When I hear the word ‘lifeboat’ my first thought is a lifeboat of the Titanic variety. Of course these lifeboats are much larger than my primary boat (they had three different kinds, the largest at 30’ long that had a capacity of 65 people). Also the Hitchcock movie ‘Lifeboat’ of the same kind. But modern lifeboats/liferafts are very different animals. Modern lifeboats are completely enclosed, engine driven and self-righting. This is not to say that they’re comfortable, but chances are if you can make your way to one you have a better than even chance of survival (which is what they’re for) and that’s a good thing.
Commercial ships (freighters, tankers, container ships, ad nauseum) go even further with the lifeboat capability in that the mounting and launching of lifeboats is not a swing-out-and-lower-away-from-davits kind of thing. They do it with free fall launches where the lifeboat is mounted on rails that point down toward the water. After the crew is aboard they batten down the hatches and let it slide down the rails, probably screaming ‘Geronimo!’ at the same time.
Maybe for trained seamen, but frankly, not this cowboy.
There’s another advantage in having a lifeboat of increased capabilities. Survival rates for shipwreck survivors increase markedly if there is a capacity for their lifeboat/liferaft to be sailed or steered. It’s a psychological effect of having something to do, of being able to do something that will have a positive outcome. Being able to steer and make progress toward some goal however small, fish, make repairs, and to be able to determine where you are and what progress you’ve made makes a great difference in mental attitude and maintaining mental attitude makes a great difference when it comes to sea survival. So survival is to a great extent, a matter of just not allowing yourself to fall into a complacency of death, of maintaining an attitude of grit-your-teeth-don’t-give-up.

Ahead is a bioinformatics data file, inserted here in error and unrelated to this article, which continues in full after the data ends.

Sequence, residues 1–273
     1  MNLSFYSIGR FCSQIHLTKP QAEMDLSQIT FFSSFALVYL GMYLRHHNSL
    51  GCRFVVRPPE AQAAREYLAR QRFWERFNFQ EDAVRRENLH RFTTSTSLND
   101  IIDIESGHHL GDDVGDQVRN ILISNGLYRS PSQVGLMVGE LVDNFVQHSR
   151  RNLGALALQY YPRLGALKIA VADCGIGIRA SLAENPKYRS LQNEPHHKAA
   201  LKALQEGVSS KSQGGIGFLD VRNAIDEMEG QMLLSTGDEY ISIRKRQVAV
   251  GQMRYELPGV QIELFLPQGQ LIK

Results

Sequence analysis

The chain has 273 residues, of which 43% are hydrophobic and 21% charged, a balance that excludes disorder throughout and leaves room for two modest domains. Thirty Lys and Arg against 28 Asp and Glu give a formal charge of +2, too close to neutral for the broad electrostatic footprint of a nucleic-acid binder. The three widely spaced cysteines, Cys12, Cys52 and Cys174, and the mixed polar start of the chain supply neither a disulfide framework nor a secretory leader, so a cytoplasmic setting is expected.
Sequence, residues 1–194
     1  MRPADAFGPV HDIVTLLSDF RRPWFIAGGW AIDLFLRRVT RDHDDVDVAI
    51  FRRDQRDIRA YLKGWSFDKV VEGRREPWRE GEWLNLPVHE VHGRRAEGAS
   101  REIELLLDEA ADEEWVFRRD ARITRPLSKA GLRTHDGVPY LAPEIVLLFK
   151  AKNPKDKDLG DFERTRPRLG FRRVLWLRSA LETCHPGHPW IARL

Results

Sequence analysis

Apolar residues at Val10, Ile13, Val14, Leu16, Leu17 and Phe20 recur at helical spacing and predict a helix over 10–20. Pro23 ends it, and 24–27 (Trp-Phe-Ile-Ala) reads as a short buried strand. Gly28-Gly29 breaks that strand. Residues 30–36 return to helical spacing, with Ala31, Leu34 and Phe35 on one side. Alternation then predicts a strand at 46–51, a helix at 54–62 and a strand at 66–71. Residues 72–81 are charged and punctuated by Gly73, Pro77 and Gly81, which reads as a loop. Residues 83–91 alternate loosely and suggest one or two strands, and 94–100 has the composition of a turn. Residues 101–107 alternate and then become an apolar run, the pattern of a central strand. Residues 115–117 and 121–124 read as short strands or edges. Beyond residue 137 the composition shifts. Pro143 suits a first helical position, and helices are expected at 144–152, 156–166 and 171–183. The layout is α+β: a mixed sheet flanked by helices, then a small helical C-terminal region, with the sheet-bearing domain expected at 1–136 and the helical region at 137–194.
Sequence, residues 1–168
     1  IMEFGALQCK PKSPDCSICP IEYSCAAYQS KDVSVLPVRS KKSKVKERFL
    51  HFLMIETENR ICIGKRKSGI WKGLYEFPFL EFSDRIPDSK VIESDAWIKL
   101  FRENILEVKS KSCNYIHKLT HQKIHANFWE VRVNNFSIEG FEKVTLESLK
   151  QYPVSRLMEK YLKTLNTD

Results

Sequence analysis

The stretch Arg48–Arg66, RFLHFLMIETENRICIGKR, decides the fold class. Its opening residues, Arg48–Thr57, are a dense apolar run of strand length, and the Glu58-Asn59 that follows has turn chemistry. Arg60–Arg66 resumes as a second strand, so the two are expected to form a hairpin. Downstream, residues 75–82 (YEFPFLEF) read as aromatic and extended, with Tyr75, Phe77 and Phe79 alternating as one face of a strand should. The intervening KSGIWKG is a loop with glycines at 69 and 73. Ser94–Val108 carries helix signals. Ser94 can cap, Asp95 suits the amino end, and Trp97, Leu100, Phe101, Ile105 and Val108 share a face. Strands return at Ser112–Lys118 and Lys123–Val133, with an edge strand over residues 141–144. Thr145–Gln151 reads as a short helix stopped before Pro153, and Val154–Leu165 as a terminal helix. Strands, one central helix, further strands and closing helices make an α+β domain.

Proof of maintaining mental attitude in survival has many examples in the individual category of life raft experiences. Steven Callahan’s 21 foot sloop collided with something in the water (he thought that it might have been a container that had fallen off a ship or more probably a whale) whilst he was sailing at night. As his boat foundered under him and sank he was able to inflate his life raft and retrieve a few things including a sleeping bag, his ‘bail out’ bag (containing extra water, navigation tables, solar stills for producing fresh water from sea water, a copy of ‘Sea Survival’ by Dougal Robertson and a spear gun that had been given him by a friend.) He was afloat on his raft for 76 days and drifted 1800 nautical miles. He survived by tending his water stills (he never used most of the emergency cans of fresh water), fishing, navigating, getting exercise every day as best he could in the 6 person Avon inflatable life raft, pumping up the raft tubes every morning after it cooled at night, fixing leaks and solving problems as they arose.
I’ve never been in that kind of survival situation and hope that I never shall. But if I am, I hope I will remember at least a few of the hard won lessons that people like him have to teach, the first lesson being: Don’t ever give up.